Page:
Washington: Duke engineers have devised a way to improve the efficiency of lithotripsy — the demolition of kidney stones using focused shock waves. After decades of research, all it took was cutting a groove near the perimeter of the shock wave-focusing lens and changing its curvature.
“I’ve spent more than 20 years investigating the physics and engineering aspects of shock wave lithotripsy,” said Pei Zhong, the Anderson-Rupp Professor of Mechanical Engineering and Materials Science at Duke University. “And now, thanks to the willingness of Siemens (a leading lithotripter manufacturer) to collaborate, we’ve developed a solution that is simple, cost-effective and reliable that can be quickly implemented on their machines.”
The study appears in the Proceedings of the National Academy of Sciences.
The incidence of kidney stones in the United States has more than doubled during the past two decades, due at least in part to the expanding waistlines of its citizens. The condition has also been linked to hot, humid climates and high levels of stress—a combination of living environments that seems to have led to a rise in kidney stone rates of veterans returning home from Iraq and Afghanistan.
During the past two decades, lithotripter manufacturers introduced multiple changes to their machines. Rather than having patients submerged in a bath of lukewarm water, newer machines feature a water-filled pouch that transfers the shock wave into the flesh. An electrohydraulic shock wave generator used in the past was replaced by an electromagnetic model that is more powerful, more reliable and more consistent.
The new designs made the devices more convenient and comfortable to use, but reduced the effectiveness of the treatment. After years of research, Zhong and his colleagues have determined why.
The increased power in some third-generation shock wave lithotripters narrowed the wave’s focal width to reduce damage to surrounding tissues. But this power jump also shifted the shock wave’s focal point as much as 20 millimetres toward the device, ironically contributing to efficiency loss and raising the potential for tissue damage. The new electromagnetic shock wave generators also produced a secondary compressive wave that disrupted one of the primary stone-smashing mechanisms, cavitation bubbles.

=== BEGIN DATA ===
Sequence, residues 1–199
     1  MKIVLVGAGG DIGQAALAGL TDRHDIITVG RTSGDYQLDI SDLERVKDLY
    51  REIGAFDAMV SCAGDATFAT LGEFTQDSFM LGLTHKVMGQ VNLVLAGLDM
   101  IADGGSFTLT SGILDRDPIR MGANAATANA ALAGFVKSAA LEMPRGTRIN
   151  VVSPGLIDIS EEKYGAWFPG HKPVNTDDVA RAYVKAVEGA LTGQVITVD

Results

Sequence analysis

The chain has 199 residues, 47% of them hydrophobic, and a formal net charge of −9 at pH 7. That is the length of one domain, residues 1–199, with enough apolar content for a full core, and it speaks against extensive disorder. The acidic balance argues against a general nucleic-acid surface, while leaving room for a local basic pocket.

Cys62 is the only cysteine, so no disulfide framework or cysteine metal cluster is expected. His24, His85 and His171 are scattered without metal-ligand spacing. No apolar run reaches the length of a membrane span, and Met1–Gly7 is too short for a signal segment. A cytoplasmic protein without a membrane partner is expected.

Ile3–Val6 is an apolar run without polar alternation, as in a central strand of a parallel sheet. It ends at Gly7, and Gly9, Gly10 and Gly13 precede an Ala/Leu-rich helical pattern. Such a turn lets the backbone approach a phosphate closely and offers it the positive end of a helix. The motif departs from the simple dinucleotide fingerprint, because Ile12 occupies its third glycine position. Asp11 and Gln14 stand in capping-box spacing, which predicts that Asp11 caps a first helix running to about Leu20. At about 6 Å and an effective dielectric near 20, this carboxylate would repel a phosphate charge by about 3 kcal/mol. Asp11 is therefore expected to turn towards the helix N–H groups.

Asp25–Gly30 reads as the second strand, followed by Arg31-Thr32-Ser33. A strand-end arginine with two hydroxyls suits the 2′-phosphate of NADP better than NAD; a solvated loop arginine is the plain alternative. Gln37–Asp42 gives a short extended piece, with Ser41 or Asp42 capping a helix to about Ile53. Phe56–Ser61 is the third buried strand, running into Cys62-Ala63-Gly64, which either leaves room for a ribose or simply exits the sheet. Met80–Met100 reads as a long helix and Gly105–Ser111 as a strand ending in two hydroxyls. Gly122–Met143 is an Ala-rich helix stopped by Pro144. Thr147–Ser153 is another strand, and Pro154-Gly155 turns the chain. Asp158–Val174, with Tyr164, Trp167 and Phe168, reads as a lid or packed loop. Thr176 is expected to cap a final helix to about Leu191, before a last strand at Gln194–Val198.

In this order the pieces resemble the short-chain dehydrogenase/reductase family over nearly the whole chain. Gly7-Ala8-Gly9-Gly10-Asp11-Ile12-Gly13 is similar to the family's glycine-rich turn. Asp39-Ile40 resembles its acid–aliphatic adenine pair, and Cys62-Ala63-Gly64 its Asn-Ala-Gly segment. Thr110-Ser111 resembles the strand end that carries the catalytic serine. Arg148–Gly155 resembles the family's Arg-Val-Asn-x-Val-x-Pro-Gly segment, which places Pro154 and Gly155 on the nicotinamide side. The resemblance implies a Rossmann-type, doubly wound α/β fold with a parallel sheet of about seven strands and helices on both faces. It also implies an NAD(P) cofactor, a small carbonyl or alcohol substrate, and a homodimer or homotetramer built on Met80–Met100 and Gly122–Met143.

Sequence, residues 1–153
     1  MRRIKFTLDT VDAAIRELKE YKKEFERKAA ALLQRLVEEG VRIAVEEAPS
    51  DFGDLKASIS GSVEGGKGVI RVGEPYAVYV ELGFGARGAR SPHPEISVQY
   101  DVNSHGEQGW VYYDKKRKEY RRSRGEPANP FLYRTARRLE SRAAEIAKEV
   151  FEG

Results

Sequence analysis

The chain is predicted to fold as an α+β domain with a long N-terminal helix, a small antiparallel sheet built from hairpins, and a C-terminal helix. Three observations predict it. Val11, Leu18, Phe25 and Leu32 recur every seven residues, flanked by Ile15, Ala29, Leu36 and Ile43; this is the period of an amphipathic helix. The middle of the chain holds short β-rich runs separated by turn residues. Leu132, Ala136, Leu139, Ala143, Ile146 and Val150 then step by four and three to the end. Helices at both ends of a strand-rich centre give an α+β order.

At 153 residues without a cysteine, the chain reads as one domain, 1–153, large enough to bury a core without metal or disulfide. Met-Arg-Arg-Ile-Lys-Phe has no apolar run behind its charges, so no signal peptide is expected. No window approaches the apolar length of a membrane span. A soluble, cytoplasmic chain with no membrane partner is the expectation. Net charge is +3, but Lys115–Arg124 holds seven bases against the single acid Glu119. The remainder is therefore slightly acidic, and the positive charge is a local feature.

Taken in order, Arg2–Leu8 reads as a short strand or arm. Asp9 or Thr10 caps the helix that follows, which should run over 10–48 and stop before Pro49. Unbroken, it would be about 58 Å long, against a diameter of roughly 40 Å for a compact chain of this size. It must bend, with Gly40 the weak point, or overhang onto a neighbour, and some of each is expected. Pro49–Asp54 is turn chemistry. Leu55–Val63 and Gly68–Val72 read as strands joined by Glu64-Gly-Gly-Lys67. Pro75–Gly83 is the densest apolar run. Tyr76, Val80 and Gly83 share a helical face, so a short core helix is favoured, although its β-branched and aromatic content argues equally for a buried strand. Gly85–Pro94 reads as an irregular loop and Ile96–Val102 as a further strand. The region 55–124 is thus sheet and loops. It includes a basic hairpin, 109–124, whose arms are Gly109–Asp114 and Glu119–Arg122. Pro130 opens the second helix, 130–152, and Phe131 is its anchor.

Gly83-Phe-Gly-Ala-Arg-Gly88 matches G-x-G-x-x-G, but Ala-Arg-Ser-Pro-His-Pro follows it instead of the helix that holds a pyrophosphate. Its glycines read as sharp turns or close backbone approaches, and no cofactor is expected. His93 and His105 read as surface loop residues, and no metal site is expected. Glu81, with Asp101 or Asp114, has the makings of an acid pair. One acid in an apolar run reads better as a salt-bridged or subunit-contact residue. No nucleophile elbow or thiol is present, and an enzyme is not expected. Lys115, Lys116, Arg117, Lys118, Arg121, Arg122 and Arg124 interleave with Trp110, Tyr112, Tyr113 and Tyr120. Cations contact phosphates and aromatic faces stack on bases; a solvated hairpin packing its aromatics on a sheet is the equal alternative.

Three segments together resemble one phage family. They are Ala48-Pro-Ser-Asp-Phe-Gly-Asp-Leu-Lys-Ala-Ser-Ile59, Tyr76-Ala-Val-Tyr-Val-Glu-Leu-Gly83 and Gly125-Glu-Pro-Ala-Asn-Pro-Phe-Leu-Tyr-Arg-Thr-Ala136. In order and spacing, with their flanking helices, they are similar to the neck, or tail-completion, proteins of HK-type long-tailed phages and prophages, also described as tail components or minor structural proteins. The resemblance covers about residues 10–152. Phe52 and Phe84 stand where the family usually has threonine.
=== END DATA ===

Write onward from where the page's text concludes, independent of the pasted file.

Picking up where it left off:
“We were presented with the challenge of engineering a design solution that mitigated these drawbacks without being too expensive,” said Zhong. “It had to be something that was effective and reliable, but also something that the manufacturer was willing to adopt. So we decided to focus on a new lens design while keeping everything else in their system intact.”
The solution was to cut a groove near the perimeter of the backside of the lens and change its geometry. This realigned the device’s focal point and optimized the pressure distribution with a broad focal width and lower peak pressure. It also allowed more cavitation bubbles to form around the targeted stone instead of in the surrounding tissue.
In laboratory tests, the researchers sent shock waves through a tank of water and used a fibre optic pressure sensor to ensure the shock wave was focusing on target. They broke apart synthetic stones in a model human kidney and in anaesthesized pigs and used a high-speed camera to watch the distribution of cavitation bubbles forming and collapsing—a process that happens too fast for the human eye to see.
The results showed that while the current commercial version reduced 54 per cent of the stones into fragments less than two millimetres in diameter, the new version pulverized 89 per cent of the stones while also reducing the amount of damage to surrounding tissue. Smaller fragments are more easily passed out of the body and less likely to recur.
“We feel we have exceeded expectations in our evaluation of this new lens design, which is based on solid physics and engineering principles,” said Zhong, who expects the new lens to enter clinical trials in Germany this summer.
“My hope is that this will be a breaking point demonstrating that effective, interactive collaboration between academia and industry can really improve the design of lithotripters that will benefit millions of stone patients worldwide who suffer from this painful disease,” Zhong said.
“Our design, in principle, can be adapted by other manufacturers to improve their machines as well. I would like to see all lithotripsy machines improved so that urologists can treat stones more effectively and patients can receive better treatment and feel more comfortable with the procedure,” he added.